Ryan Berlin: Usually, the heat of summer is when the housing market cools down. Once again, 2021 and Metro Vancouver's real estate market are defying trends.
In a typical year for our housing market, the dog days of summer are characterized by predictably higher inventory levels and modest sales activity. It makes sense, too: usually, a smaller contingent of us are concerned with buying and selling homes at a time of year when we could be camping, hanging out on patios with friends, or catching a Canadians baseball game.
However–and you knew this was coming–this has been anything but a typical year for our market (and our economy…and everything).
Let’s start with a conversation about housing supply. A critical issue at the best of times, the past couple of months have seen MLS listings dive to historic lows across the Vancouver Region.
In August, the 12,871 homes available for purchase were down 36% from last August’s level, and were 40% below the past-decade average for the month. In fact, August’s listings were down by a whopping 16% (!) compared to July’s inventory level, a reality made all the more startling by the fact that in a typical year inventory only dips by 2% between July and August.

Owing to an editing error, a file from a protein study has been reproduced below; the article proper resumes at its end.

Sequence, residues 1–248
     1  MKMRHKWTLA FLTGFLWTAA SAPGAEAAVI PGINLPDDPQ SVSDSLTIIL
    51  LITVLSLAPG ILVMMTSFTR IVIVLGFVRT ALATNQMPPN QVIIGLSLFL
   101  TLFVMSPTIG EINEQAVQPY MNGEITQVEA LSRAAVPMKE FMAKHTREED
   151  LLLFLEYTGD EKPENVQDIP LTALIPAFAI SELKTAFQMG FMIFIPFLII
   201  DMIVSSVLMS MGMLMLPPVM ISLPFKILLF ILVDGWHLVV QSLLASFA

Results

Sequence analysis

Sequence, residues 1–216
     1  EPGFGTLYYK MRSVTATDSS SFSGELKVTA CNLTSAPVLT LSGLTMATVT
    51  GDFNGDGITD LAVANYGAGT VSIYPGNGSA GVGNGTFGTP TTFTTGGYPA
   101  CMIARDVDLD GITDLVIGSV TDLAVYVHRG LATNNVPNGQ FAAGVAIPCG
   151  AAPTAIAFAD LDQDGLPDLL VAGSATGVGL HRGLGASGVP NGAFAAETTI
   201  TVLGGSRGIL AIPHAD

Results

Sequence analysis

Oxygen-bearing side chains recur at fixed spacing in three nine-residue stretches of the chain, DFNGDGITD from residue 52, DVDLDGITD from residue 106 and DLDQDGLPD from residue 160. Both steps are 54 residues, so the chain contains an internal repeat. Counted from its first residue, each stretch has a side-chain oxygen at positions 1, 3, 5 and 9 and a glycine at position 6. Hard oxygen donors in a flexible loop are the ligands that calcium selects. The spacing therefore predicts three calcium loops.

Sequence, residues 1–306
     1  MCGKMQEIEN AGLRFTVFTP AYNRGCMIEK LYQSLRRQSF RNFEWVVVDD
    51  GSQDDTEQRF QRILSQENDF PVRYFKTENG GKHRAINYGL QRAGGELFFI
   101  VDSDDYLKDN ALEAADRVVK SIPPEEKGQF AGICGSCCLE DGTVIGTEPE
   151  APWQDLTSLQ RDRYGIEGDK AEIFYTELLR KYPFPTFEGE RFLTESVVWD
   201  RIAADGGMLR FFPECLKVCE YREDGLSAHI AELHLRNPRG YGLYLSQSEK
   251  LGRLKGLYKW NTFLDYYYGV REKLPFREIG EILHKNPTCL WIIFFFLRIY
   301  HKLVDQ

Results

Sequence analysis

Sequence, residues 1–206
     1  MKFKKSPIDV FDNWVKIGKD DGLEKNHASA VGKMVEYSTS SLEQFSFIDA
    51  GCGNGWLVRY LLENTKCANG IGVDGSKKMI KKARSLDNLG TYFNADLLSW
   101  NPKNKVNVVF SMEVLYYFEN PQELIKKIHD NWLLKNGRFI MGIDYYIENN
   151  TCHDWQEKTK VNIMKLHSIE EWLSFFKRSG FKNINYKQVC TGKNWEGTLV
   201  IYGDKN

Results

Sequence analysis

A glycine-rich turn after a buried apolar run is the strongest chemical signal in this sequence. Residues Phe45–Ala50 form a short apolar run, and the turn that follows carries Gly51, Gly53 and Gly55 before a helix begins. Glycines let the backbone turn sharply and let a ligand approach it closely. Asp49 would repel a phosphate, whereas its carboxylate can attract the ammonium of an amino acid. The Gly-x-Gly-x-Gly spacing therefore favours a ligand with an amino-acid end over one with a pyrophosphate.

The atypical seasonal changes observed on the supply side of the market also apply to the demand side, albeit to a slightly lesser extent.
On the one hand, the direction of change in sales activity through the summer (that is, a slowdown) transpired as expected: indeed, the 5,137 MLS sales tallied in the Vancouver Region in August was down 2% from July and represented the 5th straight month of declining sales counts (following the almost-9,000 sales apex we ascended to in March). For those working and participating in the real estate market, the declining sales activity has been palpable.
Of course, there are two sides to every coin. Yes, the 5,137 sales are the lowest count in 8 months, but they are still up 3% from last August’s level, and 30% higher than past-decade August average. In fact, August wrapped a 12-month period that saw the region register 72,360 sales–the most in any 12-month period in our history. (All of this despite–or because of–a pandemic.)
So where do we go from here? While sellers’ markets abound throughout the Vancouver Region and across home types, September is typically characterized by a rise in new listings and, by extension, housing inventory, along with a dip in sales (as much as you’d like to go to that open house you probably should pick the kids up from school).
But with “atypical” being the zeitgeist of our market, perhaps we should expect the unexpected.
Ryan Berlin is the Senior Economist with rennie intelligence.
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